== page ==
My question is two parts:

1) What are proven strategies and hacks that you've used or heard about that will help me to overcome this mental block and show my beloved things the love and care they deserve so that they'll continue to bring me a lifetime of use and pleasure?

2) What books, blogs, websites, Youtube channels, Coach.me mentors, etc can I consult for information on the proper care, cleaning and storage of leather, natural fiber clothing, kitchen knives and kitchenware, precious metal jewelry, houseplants, and everything else that needs and deserves TLC? (I was a big fan of Jezebel's former "Dress Code: The Proper Care and Cleaning of Garments" series, and am also a fan of into-mind.com's sage approach to shopping and clothing care; I also just ordered a copy of Marie Kondo's book!). I would especially love anything that is oriented toward individuals with the added hurdles of ADHD.

***TL;DR: ADHD chick who has mostly decluttered her life down to the few but quality material possessions she needs and loves, is now in search of 1) strategies to overcome her mental fatigue/unwillingness to properly care/clean/store them and 2) the best, expert information on the care/cleaning/storage of quality items.
posted by nightrecordings to Grab Bag (19 answers total) 49 users marked this as a favorite
Best answer: First of all, things break and get ruined. And if you don't do the damage, then hello, your partner or cat or your sister's kid or a big earthquake comes along and takes care of all that for you. We have a saying around that something isn't good until it is 'officially ruined', that is, has lost its perfect, precious untouchable quality and has had a little living and experience.

But, of course, we do own things, and it is good to treat them well, not because it will necessarily help us in the long run or is a moral virtue (though I suppose it probably is), but because it is just a sign of paying attention to our physical world and making things a little simpler. It is true, who wants to keep going out and getting new knives? I am with you on that.

As someone who in my earlier days ruined a lot of stuff due to neglect, I started changing when I realized I was putting in more effort in replacing things than in just taking care of them. So it was just a simple cause and effect of noticing what was happening, exactly what you are doing. I think that it is a sign of maturing and paying attention.

I was also really influenced by people like Thich Nhat Hanh, and just trying to slow down and pay a little more attention to basic tasks, instead of rushing through them. Here is a great quote that helped me a lot:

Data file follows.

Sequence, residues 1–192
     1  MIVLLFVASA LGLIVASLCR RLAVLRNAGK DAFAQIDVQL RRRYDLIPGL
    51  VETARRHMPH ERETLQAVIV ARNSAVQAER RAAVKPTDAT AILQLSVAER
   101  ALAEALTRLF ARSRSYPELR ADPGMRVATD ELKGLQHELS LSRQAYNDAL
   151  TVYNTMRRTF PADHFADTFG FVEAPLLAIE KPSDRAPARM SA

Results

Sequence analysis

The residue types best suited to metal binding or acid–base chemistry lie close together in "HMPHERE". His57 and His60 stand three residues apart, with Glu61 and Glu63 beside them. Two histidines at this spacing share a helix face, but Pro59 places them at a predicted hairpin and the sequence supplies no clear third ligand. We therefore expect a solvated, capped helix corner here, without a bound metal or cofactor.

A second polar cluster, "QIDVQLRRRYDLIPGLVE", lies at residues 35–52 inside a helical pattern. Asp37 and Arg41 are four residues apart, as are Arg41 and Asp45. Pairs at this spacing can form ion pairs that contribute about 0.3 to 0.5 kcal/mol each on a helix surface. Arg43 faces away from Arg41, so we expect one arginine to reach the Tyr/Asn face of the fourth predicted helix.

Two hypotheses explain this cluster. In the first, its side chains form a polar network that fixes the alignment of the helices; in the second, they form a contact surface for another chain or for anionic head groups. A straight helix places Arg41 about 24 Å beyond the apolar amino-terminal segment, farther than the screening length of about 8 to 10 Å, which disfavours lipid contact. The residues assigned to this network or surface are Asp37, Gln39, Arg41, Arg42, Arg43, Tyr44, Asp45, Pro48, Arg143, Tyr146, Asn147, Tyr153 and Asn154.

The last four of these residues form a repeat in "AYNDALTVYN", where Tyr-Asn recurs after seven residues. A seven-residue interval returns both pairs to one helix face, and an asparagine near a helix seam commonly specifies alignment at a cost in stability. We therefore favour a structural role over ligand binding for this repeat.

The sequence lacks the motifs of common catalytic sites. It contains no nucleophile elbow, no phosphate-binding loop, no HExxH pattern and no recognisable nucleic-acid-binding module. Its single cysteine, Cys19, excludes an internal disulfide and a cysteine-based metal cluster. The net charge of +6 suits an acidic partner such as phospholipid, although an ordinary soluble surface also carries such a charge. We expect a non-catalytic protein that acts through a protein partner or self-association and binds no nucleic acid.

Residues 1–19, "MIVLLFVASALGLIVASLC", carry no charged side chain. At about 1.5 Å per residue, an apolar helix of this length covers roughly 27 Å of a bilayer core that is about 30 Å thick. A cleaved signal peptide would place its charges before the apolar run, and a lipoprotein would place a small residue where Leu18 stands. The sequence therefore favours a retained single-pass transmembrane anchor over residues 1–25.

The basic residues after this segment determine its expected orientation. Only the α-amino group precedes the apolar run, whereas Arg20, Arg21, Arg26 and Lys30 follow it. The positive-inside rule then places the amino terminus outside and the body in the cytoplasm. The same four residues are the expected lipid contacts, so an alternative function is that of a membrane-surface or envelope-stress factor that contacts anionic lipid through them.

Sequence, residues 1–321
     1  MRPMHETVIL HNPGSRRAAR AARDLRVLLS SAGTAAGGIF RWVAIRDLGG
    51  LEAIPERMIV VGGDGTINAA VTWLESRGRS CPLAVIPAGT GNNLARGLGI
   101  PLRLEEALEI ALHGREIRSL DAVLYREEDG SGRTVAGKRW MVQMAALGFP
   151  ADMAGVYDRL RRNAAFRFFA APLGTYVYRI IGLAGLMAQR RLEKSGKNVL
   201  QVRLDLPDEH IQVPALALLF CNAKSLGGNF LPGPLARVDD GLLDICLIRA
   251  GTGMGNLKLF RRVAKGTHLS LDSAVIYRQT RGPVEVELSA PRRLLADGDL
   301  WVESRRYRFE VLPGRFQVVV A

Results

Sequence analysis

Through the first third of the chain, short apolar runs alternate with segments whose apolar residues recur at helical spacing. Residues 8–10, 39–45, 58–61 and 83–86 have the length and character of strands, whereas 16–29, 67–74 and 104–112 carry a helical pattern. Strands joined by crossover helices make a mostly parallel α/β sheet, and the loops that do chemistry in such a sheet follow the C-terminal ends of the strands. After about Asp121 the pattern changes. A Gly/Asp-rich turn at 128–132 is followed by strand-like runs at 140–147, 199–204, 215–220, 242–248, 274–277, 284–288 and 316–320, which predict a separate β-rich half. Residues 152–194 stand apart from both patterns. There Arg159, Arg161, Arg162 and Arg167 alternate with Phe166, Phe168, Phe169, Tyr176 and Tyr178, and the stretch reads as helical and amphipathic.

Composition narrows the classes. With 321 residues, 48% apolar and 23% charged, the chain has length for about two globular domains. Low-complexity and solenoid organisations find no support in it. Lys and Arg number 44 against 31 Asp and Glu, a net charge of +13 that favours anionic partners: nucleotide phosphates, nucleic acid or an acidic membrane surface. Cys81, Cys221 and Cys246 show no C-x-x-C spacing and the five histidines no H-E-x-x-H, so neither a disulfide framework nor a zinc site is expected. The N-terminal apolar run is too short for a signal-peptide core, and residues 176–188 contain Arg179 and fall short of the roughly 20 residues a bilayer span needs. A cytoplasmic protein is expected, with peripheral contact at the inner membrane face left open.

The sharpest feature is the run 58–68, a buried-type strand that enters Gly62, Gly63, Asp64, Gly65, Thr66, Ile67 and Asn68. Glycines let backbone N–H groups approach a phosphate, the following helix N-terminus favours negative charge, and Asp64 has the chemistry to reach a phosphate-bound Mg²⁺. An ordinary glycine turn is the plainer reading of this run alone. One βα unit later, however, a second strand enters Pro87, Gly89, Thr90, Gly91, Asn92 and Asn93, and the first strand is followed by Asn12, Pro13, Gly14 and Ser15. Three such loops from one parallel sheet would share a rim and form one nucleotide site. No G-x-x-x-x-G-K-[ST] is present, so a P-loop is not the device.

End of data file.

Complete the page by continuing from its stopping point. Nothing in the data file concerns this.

“If while washing dishes, we think only of the cup of tea that awaits us, thus hurrying to get the dishes out of the way as if they were a nuisance, then we are not 'washing the dishes to wash the dishes'. What's more, we are not alive during the time we are washing the dishes. In fact we are completely incapable of realizing the miracle of life while standing at the sink. If we can't wash the dishes, the chances are we won't be able to drink our tea either. While drinking the cup of tea, we will only be thinking of other things, barely aware of the cup in our hands. Thus we are sucked away into the future -and we are incapable of actually living one minute of life.”
― Thich Nhat Hanh, The Miracle of Mindfulness
posted by nanook at 11:35 AM on May 9, 2015 [26 favorites]

You are not alone! I just noticed that my favorite expensive pair of shoes is getting all scuffed because I haven't bothered to polish them.

I would cut yourself a little bit of slack in that accidents like dropping a glass of wine are just going to happen sometimes and unless you had left your painting out on a table it's not something that could be prevented. I mean, Steve Wynn put his elbow through a Picasso. It happens.

One thing that I've seen suggested is to have a designated evening once a week or so for "home maintenance" stuff like fixing hems, polishing shoes, etc. You could use an app to schedule how often something needs to be done so that it pops up as a task for that week. That might take out some of the need to keep that stuff in the back of your mind.

In terms of resources I like Home Comforts for general household maintenance and I see there is also a book on caring for clothing by the same author, called Laundry.